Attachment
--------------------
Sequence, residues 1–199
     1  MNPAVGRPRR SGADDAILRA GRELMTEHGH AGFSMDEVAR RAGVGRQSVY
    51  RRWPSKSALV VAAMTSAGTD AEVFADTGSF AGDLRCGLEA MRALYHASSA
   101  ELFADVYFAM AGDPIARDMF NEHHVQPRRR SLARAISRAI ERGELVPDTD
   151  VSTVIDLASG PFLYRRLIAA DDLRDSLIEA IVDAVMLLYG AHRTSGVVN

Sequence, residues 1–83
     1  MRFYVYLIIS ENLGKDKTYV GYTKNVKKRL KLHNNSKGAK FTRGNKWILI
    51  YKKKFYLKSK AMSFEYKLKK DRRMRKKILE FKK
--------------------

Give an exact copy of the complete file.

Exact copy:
Sequence, residues 1–199
     1  MNPAVGRPRR SGADDAILRA GRELMTEHGH AGFSMDEVAR RAGVGRQSVY
    51  RRWPSKSALV VAAMTSAGTD AEVFADTGSF AGDLRCGLEA MRALYHASSA
   101  ELFADVYFAM AGDPIARDMF NEHHVQPRRR SLARAISRAI ERGELVPDTD
   151  VSTVIDLASG PFLYRRLIAA DDLRDSLIEA IVDAVMLLYG AHRTSGVVN

Sequence, residues 1–83
     1  MRFYVYLIIS ENLGKDKTYV GYTKNVKKRL KLHNNSKGAK FTRGNKWILI
    51  YKKKFYLKSK AMSFEYKLKK DRRMRKKILE FKK